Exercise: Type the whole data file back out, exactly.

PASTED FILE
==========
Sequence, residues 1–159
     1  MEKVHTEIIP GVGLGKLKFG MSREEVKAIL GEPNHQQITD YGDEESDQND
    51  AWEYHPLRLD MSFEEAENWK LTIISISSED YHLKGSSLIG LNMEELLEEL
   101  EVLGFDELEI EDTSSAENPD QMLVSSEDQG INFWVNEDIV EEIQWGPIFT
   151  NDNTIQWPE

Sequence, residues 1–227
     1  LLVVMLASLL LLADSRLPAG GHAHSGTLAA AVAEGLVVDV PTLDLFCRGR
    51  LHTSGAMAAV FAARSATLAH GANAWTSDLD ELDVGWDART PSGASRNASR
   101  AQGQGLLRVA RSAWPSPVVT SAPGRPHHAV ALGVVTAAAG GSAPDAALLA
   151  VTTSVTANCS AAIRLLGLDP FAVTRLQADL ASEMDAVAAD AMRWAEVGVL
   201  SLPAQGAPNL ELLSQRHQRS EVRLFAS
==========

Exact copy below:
Sequence, residues 1–159
     1  MEKVHTEIIP GVGLGKLKFG MSREEVKAIL GEPNHQQITD YGDEESDQND
    51  AWEYHPLRLD MSFEEAENWK LTIISISSED YHLKGSSLIG LNMEELLEEL
   101  EVLGFDELEI EDTSSAENPD QMLVSSEDQG INFWVNEDIV EEIQWGPIFT
   151  NDNTIQWPE

Sequence, residues 1–227
     1  LLVVMLASLL LLADSRLPAG GHAHSGTLAA AVAEGLVVDV PTLDLFCRGR
    51  LHTSGAMAAV FAARSATLAH GANAWTSDLD ELDVGWDART PSGASRNASR
   101  AQGQGLLRVA RSAWPSPVVT SAPGRPHHAV ALGVVTAAAG GSAPDAALLA
   151  VTTSVTANCS AAIRLLGLDP FAVTRLQADL ASEMDAVAAD AMRWAEVGVL
   201  SLPAQGAPNL ELLSQRHQRS EVRLFAS